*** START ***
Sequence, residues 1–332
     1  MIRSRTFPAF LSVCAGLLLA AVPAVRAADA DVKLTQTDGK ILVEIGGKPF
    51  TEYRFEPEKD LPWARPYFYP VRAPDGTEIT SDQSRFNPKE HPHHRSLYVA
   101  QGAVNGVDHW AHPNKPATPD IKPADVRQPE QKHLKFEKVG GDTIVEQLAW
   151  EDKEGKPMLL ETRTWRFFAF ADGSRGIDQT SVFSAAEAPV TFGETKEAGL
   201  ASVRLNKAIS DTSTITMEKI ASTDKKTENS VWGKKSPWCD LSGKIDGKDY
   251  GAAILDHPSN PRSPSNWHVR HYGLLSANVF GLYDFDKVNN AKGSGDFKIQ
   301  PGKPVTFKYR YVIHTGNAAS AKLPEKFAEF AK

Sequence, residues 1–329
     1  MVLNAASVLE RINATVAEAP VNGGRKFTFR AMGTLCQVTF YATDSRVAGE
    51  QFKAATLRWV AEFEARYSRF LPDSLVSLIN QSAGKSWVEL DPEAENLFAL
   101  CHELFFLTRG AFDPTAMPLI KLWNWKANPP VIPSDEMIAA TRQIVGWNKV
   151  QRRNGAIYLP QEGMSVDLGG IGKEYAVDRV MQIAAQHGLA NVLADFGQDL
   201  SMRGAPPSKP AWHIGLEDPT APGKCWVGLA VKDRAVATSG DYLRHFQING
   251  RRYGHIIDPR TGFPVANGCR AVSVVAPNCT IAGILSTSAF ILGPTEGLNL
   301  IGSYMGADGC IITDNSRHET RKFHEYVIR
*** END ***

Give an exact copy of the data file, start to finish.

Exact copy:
Sequence, residues 1–332
     1  MIRSRTFPAF LSVCAGLLLA AVPAVRAADA DVKLTQTDGK ILVEIGGKPF
    51  TEYRFEPEKD LPWARPYFYP VRAPDGTEIT SDQSRFNPKE HPHHRSLYVA
   101  QGAVNGVDHW AHPNKPATPD IKPADVRQPE QKHLKFEKVG GDTIVEQLAW
   151  EDKEGKPMLL ETRTWRFFAF ADGSRGIDQT SVFSAAEAPV TFGETKEAGL
   201  ASVRLNKAIS DTSTITMEKI ASTDKKTENS VWGKKSPWCD LSGKIDGKDY
   251  GAAILDHPSN PRSPSNWHVR HYGLLSANVF GLYDFDKVNN AKGSGDFKIQ
   301  PGKPVTFKYR YVIHTGNAAS AKLPEKFAEF AK

Sequence, residues 1–329
     1  MVLNAASVLE RINATVAEAP VNGGRKFTFR AMGTLCQVTF YATDSRVAGE
    51  QFKAATLRWV AEFEARYSRF LPDSLVSLIN QSAGKSWVEL DPEAENLFAL
   101  CHELFFLTRG AFDPTAMPLI KLWNWKANPP VIPSDEMIAA TRQIVGWNKV
   151  QRRNGAIYLP QEGMSVDLGG IGKEYAVDRV MQIAAQHGLA NVLADFGQDL
   201  SMRGAPPSKP AWHIGLEDPT APGKCWVGLA VKDRAVATSG DYLRHFQING
   251  RRYGHIIDPR TGFPVANGCR AVSVVAPNCT IAGILSTSAF ILGPTEGLNL
   301  IGSYMGADGC IITDNSRHET RKFHEYVIR